Connect to AWS via polling from the Splunk console 🔗
If you have Administrator privileges for Splunk Observability Cloud and your Amazon Web Services (AWS) account, you can use the UI guided setup to create an integration to connect to AWS, and configure metrics and logs collection.
Before you start 🔗
Before you proceed, check AWS authentication, permissions, and supported regions and Connect AWS to Splunk Observability Cloud for information on data collection intervals and costs.
For alternative connection methods, see:
Use the UI guided setup to connect to AWS 🔗
To access the guided setup for the AWS integration, perform the following steps:
Log in to Splunk Observability Cloud.
Open the Amazon Web Services guided setup . Optionally, you can navigate to the guided setup on your own:
On the navigation menu, select.
Select Add Integration to open the Integrate Your Data page.
On the Integrate Your Data page, select the tile for Amazon Web Services.
Next, follow the steps provided in the guided setup:
Define your AWS connection 🔗
In this step you need to choose the following connection options:
Overall region: The region AWS from which AWS manages your resources. See Supported AWS regions for more information.
Authentication type: How you will authenticate to connect with AWS. Learn more at Authenticate in AWS using an External ID (recommended).
Data types: Select which types of data to ingest.
Cost and usage metrics.
In the CloudWatch Metrics option, select Polling as the ingestion method, and set up the polling rate at which you want Splunk Observability Cloud to poll CloudWatch for metric data.
Set up the polling rate 🔗
The polling rate is expressed in seconds, with
60 (1 minute) as the minimum value, and
600 (10 minutes) as the maximum value.
For example, a value of 300 polls metrics once every 5 minutes.
Prepare your AWS account 🔗
In this step, switch to your AWS Console to prepare for authentication.
On this screen, Splunk Observability Cloud gives you the AWS IAM policy JSON snippet, your Splunk Observability Cloud account ID and your External ID, which you’ll need to define your authenticaton policies in the console.
See more details in Authenticate in AWS using an External ID (recommended).
Establish the connection 🔗
Finally, proceed with the last steps:
Complete your authentication configuration as prompted.
Select your data sources:
Built-in and custom services.
Select All built-in services to import all data from built-in CloudWatch namespaces and ensure that built-in dashboards display automatically.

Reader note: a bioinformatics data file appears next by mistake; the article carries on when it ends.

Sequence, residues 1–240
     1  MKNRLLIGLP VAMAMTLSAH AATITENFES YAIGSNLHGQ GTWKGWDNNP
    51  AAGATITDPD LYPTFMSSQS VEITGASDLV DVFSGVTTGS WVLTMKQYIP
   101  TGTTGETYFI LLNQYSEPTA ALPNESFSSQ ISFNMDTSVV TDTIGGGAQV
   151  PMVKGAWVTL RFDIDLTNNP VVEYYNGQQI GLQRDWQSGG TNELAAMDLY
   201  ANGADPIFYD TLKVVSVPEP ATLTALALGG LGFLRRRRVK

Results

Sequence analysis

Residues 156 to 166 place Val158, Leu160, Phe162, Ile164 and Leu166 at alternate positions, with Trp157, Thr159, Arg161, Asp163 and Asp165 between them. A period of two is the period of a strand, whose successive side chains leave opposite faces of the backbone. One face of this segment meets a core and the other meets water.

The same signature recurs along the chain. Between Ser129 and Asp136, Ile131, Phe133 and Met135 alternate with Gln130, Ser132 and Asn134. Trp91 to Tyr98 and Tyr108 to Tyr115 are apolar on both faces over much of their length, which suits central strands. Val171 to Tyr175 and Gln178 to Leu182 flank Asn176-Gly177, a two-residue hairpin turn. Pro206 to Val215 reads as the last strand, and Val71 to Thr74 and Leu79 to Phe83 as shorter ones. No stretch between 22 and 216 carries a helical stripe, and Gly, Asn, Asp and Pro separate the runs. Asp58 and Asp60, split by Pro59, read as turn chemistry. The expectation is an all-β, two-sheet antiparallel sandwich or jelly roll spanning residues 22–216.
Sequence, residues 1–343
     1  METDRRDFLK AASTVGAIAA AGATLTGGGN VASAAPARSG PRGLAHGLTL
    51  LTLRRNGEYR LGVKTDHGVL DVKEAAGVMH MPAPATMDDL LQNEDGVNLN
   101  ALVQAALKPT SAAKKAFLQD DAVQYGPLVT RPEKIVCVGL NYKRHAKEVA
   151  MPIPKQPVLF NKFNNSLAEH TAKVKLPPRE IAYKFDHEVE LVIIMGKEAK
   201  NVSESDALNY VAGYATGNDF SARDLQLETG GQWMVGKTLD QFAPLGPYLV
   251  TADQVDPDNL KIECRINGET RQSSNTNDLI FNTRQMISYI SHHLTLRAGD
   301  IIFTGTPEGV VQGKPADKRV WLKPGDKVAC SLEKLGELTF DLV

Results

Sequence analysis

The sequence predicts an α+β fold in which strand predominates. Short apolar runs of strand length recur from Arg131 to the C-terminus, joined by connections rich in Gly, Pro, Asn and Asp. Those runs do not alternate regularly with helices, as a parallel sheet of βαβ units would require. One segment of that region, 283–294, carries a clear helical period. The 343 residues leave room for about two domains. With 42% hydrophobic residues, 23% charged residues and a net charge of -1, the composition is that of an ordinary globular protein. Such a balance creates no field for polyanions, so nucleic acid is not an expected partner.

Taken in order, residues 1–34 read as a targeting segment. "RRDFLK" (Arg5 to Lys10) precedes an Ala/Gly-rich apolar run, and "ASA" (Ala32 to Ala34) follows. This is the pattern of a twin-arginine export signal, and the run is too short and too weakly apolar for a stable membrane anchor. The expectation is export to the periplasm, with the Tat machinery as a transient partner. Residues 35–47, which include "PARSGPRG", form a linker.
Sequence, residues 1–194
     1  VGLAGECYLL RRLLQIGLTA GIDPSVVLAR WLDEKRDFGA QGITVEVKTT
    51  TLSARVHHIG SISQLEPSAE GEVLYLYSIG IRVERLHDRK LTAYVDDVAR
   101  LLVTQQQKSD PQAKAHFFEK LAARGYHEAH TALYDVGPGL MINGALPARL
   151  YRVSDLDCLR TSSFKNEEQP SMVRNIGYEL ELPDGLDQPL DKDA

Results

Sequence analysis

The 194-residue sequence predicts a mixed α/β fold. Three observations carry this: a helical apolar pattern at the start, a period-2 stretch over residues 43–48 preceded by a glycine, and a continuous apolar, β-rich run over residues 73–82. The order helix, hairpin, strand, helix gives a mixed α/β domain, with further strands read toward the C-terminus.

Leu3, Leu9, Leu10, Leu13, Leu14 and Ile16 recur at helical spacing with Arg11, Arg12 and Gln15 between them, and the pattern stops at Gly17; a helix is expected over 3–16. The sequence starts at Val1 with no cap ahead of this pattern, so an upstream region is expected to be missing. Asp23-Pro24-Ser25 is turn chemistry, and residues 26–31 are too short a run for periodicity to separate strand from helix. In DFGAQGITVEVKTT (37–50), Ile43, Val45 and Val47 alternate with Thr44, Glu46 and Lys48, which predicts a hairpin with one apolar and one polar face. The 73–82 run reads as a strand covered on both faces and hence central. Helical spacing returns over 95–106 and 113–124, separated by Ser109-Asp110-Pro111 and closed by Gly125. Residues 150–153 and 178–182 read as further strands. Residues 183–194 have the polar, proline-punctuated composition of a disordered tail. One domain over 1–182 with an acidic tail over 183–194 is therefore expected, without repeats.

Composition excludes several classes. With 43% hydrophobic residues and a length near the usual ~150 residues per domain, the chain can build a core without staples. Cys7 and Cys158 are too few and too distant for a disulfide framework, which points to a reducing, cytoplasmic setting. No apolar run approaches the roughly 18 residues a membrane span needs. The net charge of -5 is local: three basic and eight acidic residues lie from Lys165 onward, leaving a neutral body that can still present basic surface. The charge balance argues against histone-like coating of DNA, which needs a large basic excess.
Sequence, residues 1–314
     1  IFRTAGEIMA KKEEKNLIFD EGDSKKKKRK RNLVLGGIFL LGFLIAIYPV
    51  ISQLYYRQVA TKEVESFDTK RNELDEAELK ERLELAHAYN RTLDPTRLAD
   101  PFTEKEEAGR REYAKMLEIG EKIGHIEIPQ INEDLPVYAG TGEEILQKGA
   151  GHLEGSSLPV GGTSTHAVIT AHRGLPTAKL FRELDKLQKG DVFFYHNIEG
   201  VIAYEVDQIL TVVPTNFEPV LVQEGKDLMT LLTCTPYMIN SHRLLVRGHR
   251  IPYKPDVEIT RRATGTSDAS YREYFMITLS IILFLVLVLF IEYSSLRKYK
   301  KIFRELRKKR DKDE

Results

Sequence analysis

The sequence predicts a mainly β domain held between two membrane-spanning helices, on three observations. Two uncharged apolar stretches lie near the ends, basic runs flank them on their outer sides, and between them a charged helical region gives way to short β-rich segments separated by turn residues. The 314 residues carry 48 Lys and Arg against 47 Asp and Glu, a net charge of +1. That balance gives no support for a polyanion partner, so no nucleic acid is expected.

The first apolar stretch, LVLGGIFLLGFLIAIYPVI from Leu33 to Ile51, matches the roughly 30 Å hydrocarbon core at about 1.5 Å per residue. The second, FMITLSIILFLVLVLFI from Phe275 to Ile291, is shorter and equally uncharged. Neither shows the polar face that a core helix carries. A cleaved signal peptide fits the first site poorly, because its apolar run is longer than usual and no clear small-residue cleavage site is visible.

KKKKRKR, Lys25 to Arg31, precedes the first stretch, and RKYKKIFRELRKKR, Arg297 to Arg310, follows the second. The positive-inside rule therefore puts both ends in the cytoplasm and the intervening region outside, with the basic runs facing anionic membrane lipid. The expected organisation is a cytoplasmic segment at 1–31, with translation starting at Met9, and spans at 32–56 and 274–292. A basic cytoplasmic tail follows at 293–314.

Review the default settings 🔗
After creating an AWS IAM policy and assigning it to a particular role through the guided setup, you can modify your configuration.
Modify the scope of data collection 🔗
By default, Splunk Observability Cloud brings in data from all supported AWS services associated with your account, with certain limitations.
Use the check box options in the guided setup to limit the scope of your data collection. These are the available options:
Collect Amazon Cost and Usage Metrics.
Ingest CloudWatch Metrics. You can deactivate it altogether, or deactivate the polling but activate AWS Metric Streams instead.
Collect CloudWatch Logs.
Select which AWS regions to fetch data from.
Select which AWS services to fetch data from.
To limit data collection, you can also:
Manage the amount of data to import. See Control the data and metadata to import.
In the Data Management menu in Splunk Observability Cloud, edit any integration to limit data import.
Use the AWS console to revise the contents of the
Select a CloudFormation template 🔗
Select a CloudFormation template to collect logs or Metric Streams for each AWS region that you want to operate in.
Next steps 🔗
After you connect Splunk Observability Cloud with AWS, you can use Splunk Observability Cloud to track a series of metrics and analyze your AWS data in real time.
See the AWS official documentation for a list of the available AWS resources.
See how to leverage data from integration with AWS for more information.